Thursday, December 13, 2007

Building Blocks For Writers

Recently I was called upon to give some advice to a beginning fiction writer. In reading through his first several chapters, I was reminded of the journey a writer takes as they learn the craft. When I first thought about writing a novel, I figured it was just taking the day-to-day happenings of a cast of characters, transcribing them to paper, and waiting on the street corner for a publisher to stop by, much as one waits for a taxi. How wrong can one person be?

Those of you who are already established on this road will find this review brings back memories. If your journey is in its first stages, I hope this helps.

Begin with plot. Decide what's going to happen and how you can make it interesting. The best resource I can recommend in this area is James Scott Bell's book, Plot and Structure. Not only is it excellent for the neophyte, I firmly believe that every novelist should review it periodically. Then populate your novel with interesting characters. For this, read Brandilyn Collins' book, Getting Into Character. Guard against "head-hopping" or shifting points of view. For this, try Mastering Point of View by Szeman. For more insight into story arc, consider this book, one I only learned about recently: The Writer's Journey by Christopher Vogler. You'll also get help from all of Noah Lukeman's books, but especially The First Five Pages and The Plot Thickens.

Now you have your plot, your characters, and your story arc. Write, revise, write, revise, repeat as needed. No one--I repeat, no one--just pops out a novel without sweat, tears, and many revisions. For this you'll need to consult the classic The Elements of Style by Strunk and White. To spice up your punctuation, it's back to Lukeman, this time for A Dash of Style. For that final rewrite, read Donald Maass' Writing The Breakout Novel. And watch for James Scott Bell's forthcoming book, Revision and Self-Editing.

Is that all? Of course not. If you're down about your writing, read Bird By Bird by Ann Lamott. Read Stephen King's King on Writing. Had enough? Probably so, but there are another dozen or more writing books on my bookshelf, and there's no dust on any of them.

Two last bits of advice. Read. Read the works of authors whose fiction you admire. My friend, Alton Gansky, told me, "Once you start writing, you'll never read the same way again." That's true. See how they do it. That's one way to learn. Then write. Nolan Ryan didn't become the best strikeout pitcher in the major leagues by reading about it. He practiced. A lot. So should you.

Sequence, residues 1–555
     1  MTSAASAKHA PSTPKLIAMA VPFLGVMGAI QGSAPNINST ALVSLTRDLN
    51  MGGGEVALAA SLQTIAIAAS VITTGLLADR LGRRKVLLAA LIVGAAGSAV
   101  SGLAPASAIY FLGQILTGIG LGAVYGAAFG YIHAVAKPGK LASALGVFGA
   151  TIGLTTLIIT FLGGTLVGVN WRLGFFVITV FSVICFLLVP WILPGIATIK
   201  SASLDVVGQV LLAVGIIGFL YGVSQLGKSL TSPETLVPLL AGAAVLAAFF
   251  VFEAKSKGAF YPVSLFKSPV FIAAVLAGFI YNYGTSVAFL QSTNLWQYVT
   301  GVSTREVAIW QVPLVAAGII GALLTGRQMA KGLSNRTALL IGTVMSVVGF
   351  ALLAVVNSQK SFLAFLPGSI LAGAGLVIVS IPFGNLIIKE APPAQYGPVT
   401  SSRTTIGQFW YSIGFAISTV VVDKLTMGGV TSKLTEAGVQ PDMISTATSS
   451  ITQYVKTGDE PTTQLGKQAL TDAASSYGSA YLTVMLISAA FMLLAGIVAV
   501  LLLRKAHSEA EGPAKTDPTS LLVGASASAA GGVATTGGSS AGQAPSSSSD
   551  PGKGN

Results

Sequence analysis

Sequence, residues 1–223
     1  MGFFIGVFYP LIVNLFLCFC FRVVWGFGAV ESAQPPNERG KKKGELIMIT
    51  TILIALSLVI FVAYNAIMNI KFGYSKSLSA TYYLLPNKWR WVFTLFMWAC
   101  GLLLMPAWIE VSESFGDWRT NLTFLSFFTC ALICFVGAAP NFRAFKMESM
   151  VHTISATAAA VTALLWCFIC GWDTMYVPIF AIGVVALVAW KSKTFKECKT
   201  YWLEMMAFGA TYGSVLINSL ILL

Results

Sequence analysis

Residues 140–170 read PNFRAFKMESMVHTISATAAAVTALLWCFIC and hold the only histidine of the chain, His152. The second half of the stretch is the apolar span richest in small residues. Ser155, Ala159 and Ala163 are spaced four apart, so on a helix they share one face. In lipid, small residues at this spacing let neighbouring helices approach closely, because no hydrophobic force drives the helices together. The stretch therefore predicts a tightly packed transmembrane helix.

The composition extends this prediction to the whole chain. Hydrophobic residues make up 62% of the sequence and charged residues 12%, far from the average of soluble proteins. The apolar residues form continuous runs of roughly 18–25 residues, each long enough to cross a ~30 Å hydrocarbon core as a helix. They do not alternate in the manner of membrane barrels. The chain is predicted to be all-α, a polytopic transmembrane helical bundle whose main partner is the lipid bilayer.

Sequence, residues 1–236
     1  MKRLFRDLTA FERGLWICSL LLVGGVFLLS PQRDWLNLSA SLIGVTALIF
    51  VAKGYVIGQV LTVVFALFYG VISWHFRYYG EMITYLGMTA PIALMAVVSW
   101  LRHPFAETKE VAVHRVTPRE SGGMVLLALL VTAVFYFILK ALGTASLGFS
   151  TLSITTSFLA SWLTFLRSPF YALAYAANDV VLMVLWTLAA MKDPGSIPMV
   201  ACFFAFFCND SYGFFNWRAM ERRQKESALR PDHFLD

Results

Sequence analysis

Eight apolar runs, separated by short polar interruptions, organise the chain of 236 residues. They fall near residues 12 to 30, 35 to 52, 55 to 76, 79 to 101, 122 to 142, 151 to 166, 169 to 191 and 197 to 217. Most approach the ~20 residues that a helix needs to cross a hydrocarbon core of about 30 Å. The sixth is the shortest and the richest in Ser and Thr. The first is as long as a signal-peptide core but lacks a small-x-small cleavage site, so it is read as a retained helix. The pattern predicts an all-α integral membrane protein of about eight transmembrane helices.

Don't be scared to fail. We all do. Failing isn't terrible. Not trying is. Write on.

4 comments:

Crystal Laine Miller said...

What a great list of books--and good advice--for beginning writers!

What is your favorite genre, and/or authors to read? (Are you allowed to say?) I've been thinking about this a lot lately since I gave up book reviewing and can read ANYTHING I want to. And I notice that it is affecting my writing and what I want to write.

Richard Mabry said...

Crystal,
Since you bring up a good question, the answer of which is relevant to my suggestion to read authors whose work you admire, I'm going to break my self-imposed rule and respond to your question directly here.

I take my own advice and read the work of authors whom I'd like to emulate.Hands down, my favorite fiction writer is Robert B. Parker. Has been for decades. He writes suspense fiction that grips me without being "dark," and his protagonist is sort of a Smart-Alec (so I identify with him).

In the CBA field, I really like the work of Brandt Dodson, whose writing reminds me of Parker's. I predict a bright future for Brandt.

Jim Bell's latest book, TRY DYING, is his best work, and I think it rivals anything Raymond Chandler ever wrote.

And in the field of medical suspense, although Tess Gerritsen gets most of the publicity, her work is too dark for me. I prefer Dr. Michael Palmer's novels, especially his newest, THE FIFTH VIAL.

That isn't to say that the work of other authors isn't good. But, frankly, if I were choosing books for a desert island, these would be at the top of my list.

Timothy Fish said...

It seems like writers love to write about writing, so there are a lot of voices out there and they don't all agree. I think the choices a writer makes concerning those he listens to and those he ignores as well as when to chuck them all and just write has as much influence on the writer�s final product as anything else.

Timothy Fish said...

It seems like writers love to write about writing, so there are a lot of voices out there and they don't all agree. I think the choices a writer makes concerning those he listens to and those he ignores as well as when to chuck them all and just write has as much influence on the writer�s final product as anything else.